Nazi Paikidze is a real feminist role model

1-qilwftc2zlqsfjcs-p8ovw Unlike the third wave feminists that dominate so-called feminist thought in the world today, Nazi Paikidze is not interested in gender pronouns, labels, or blaming the patriarchy. Like the original Suffrage feminists, she is concerned about standing up for women’s legal liberties, in particular the oppressed women of Iran. Unlike third wave feminists who virtue signal with rants on social media at no cost to themselves, Nazi is actually putting her career on the line in order to make a stand against the way that Iran oppresses its women.

The best-ranked female chess player in the United States has said she would rather sacrifice her career than submit to demands to wear a hijab at the next world championship.

Nazi Paikidze, the reigning US Women’s Chess Champion, swore to boycott the 2017 contest, which is being held in Iran and will have an enforced Islamic dress code.

Paikidze admitted that the decision will harm her career, but said that doing the bidding of an oppressive regime in order to compete is not a price worth paying.

In an interview with the founder of My Stealthy Freedom, a campaign against Iran’s hijab laws, she said: “I will NOT wear a hijab and support women’s oppression. Even if it means missing one of the most important competitions of my career.”

Screenshot-whaleoil

Screenshot-whaleoil

She is sticking to her guns despite attempts from chess officials to silence her.

Susan Polgar, who chairs the women’s committee of the international chess governing body, told Paikidze to keep her objections to herself in a tense exchange on Twitter.

twitter-spat

Polgar had previously told players to respect “cultural differences” and go along with wearing the hijab.

She then tried to win over sceptics by praising the “beautiful choices” of fabric on offer.

Other players have also threatened to boycott the contest, including Carla Heredia, a former Pan American champion from Ecuador.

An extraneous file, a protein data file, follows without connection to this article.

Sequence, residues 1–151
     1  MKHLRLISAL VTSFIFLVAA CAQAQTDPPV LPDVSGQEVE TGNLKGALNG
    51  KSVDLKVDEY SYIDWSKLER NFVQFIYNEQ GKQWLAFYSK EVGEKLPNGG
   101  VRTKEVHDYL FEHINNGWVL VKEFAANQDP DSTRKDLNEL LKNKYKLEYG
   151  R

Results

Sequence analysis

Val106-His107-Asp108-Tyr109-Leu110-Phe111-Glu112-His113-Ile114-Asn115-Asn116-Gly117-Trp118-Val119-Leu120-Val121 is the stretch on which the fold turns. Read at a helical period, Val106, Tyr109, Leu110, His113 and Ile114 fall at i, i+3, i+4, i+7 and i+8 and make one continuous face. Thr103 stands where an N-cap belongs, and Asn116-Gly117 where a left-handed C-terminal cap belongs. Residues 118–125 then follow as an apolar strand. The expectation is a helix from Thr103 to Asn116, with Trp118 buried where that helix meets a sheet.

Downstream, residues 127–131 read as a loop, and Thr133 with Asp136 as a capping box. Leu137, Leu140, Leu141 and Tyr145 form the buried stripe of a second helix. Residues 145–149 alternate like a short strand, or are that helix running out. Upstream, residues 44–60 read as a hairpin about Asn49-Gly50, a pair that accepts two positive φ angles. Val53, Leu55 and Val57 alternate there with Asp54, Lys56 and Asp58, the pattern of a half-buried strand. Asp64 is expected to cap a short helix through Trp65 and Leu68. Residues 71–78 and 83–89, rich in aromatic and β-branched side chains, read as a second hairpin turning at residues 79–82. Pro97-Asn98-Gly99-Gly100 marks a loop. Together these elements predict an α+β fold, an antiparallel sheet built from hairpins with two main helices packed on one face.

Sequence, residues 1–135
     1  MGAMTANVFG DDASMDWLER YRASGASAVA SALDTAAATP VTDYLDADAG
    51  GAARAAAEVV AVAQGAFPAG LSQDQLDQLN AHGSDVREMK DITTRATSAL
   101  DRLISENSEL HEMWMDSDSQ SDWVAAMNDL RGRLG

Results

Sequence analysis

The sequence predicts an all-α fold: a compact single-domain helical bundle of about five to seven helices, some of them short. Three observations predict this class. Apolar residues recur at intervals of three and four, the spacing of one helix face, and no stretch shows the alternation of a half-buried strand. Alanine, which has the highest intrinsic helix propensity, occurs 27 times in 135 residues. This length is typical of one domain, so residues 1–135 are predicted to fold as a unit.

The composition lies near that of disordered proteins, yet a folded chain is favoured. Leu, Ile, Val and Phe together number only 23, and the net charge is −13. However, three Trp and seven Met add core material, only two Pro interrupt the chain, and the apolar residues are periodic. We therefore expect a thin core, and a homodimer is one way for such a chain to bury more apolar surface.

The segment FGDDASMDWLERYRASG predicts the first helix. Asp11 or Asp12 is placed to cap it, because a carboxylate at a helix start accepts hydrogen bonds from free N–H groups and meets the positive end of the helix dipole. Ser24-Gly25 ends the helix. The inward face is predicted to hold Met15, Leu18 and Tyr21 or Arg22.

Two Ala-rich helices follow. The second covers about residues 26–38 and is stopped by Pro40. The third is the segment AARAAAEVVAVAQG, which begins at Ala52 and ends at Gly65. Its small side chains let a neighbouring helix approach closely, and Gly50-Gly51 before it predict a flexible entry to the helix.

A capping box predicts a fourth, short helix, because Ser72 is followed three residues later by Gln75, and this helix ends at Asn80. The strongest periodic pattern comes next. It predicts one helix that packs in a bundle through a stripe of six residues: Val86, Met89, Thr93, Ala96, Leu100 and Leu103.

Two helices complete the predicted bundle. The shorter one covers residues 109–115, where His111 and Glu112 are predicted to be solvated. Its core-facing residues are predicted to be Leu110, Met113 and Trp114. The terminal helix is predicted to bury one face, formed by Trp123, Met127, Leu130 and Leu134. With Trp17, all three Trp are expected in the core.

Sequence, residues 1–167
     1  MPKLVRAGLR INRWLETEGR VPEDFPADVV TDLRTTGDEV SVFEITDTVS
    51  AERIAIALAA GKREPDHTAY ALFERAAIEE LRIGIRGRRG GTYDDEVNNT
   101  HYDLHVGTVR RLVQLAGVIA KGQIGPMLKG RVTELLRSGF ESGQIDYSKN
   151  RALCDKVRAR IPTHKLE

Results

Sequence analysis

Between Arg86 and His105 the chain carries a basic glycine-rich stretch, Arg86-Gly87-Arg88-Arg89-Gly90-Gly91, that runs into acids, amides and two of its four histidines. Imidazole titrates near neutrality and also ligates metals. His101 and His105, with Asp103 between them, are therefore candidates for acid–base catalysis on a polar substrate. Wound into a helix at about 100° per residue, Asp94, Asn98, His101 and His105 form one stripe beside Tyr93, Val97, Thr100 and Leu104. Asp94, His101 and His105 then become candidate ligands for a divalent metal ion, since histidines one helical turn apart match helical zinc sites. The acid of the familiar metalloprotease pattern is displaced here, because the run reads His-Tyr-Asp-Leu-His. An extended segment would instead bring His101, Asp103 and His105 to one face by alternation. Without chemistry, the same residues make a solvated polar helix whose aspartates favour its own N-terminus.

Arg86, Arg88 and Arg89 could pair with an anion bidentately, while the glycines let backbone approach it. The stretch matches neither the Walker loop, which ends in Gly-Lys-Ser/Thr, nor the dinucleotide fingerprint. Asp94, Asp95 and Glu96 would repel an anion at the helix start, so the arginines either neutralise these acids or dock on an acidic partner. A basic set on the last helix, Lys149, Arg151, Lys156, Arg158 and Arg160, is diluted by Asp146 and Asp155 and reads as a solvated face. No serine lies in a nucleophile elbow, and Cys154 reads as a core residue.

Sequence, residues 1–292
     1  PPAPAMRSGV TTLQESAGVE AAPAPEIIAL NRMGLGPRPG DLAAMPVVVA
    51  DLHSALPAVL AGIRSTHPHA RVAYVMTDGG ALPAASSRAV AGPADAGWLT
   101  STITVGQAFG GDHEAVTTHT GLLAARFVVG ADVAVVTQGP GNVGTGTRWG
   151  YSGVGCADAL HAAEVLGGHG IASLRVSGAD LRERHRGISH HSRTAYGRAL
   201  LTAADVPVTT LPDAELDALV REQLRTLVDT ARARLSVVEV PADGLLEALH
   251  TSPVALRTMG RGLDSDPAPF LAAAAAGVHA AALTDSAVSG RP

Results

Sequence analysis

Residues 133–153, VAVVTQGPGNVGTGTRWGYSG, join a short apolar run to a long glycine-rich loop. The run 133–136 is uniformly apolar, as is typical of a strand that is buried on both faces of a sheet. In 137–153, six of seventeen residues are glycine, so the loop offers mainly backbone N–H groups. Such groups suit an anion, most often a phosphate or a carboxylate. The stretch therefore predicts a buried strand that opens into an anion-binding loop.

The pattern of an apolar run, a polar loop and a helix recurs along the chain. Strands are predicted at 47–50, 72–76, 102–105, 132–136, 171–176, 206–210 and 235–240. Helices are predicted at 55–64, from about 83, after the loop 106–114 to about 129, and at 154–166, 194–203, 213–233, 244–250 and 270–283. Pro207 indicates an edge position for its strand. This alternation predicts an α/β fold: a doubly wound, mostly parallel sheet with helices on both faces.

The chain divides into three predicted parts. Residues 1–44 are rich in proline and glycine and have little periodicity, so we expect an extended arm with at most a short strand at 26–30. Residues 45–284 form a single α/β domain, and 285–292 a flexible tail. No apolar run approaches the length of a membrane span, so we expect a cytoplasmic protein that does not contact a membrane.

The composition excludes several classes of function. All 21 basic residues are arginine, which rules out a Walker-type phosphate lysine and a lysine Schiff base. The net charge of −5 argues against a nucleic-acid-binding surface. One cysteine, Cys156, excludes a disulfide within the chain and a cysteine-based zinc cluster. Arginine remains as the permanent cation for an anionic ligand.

-heatst.com

 

 


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  • jaundiced

    Good on her. Those who’s inclination to avoid conflict (what does it matter if you go along with hajib just for a day or so) are legitimising the on-going oppression the hajib represents.

  • Support and gratitude from the people of Iran? I thought they all chose and were happy to wear these things, isn’t that what we are continually told?

  • Crowgirl

    I hope no one turns up and they have to cancel the whole thing. If chess is being used politically to effect change in some oppressive countries, then why give the contest to a country that then tries to enforce its oppression on others? Surely the point of the whole thing is to try and effect social change in that country through the medium of chess?

    • Flattanker

      Can you imagine all the reasons they can come up with for not having it in Israel, snigger. Just like the world sailing champs of some class or other being held in Malaysia and the Israeli’s were not allowed to compete under their own flag, well just because…. Yet the governing body was just fine about it. It does rather feel like, just shut up and suck up the hypocritical diversity or you’re a racist.

  • Rebus

    Good on her, but why is it necessary to segregate male and female players, in a sport that has no physical strength requirements?

    • JohnO

      There is a marked visual/spatial awareness advantage similar to the muscular strength advantage between men and women. But women have an even more marked advantage in verbal awareness over men. In chess the advantage goes to the superior spatial advantage hence men have an inbuilt advantage over women. To encourage more women in chess they compete on a “level playing field” woman against woman rather than an inherently uneqal competition.

      • Flattanker

        I used to play chess at a competitive level, and I hardly ever saw a female player, more’s the pity. As much as the SJB’s would denounce this difference, it does seem to be supported by inconvenient facts: the absence many of women with ranking of over 2400, ie grandmaster IIRC, in relation to the number of males at that level..

  • dumbshit

    If a few more top players opt out, they’d hardly be able to call it a “world championship” event!

  • jimknowsall

    Two point occur to me…
    1) What on earth is FIDE doing holding their chess championship in Iran?
    2) What kind of parent calls their child “Nazi”?

  • Karl Day

    it is nice to see a news story on feminism that is legit in it’s point (also funny that according to the screen shots it is another woman telling her what to wear, do and say)

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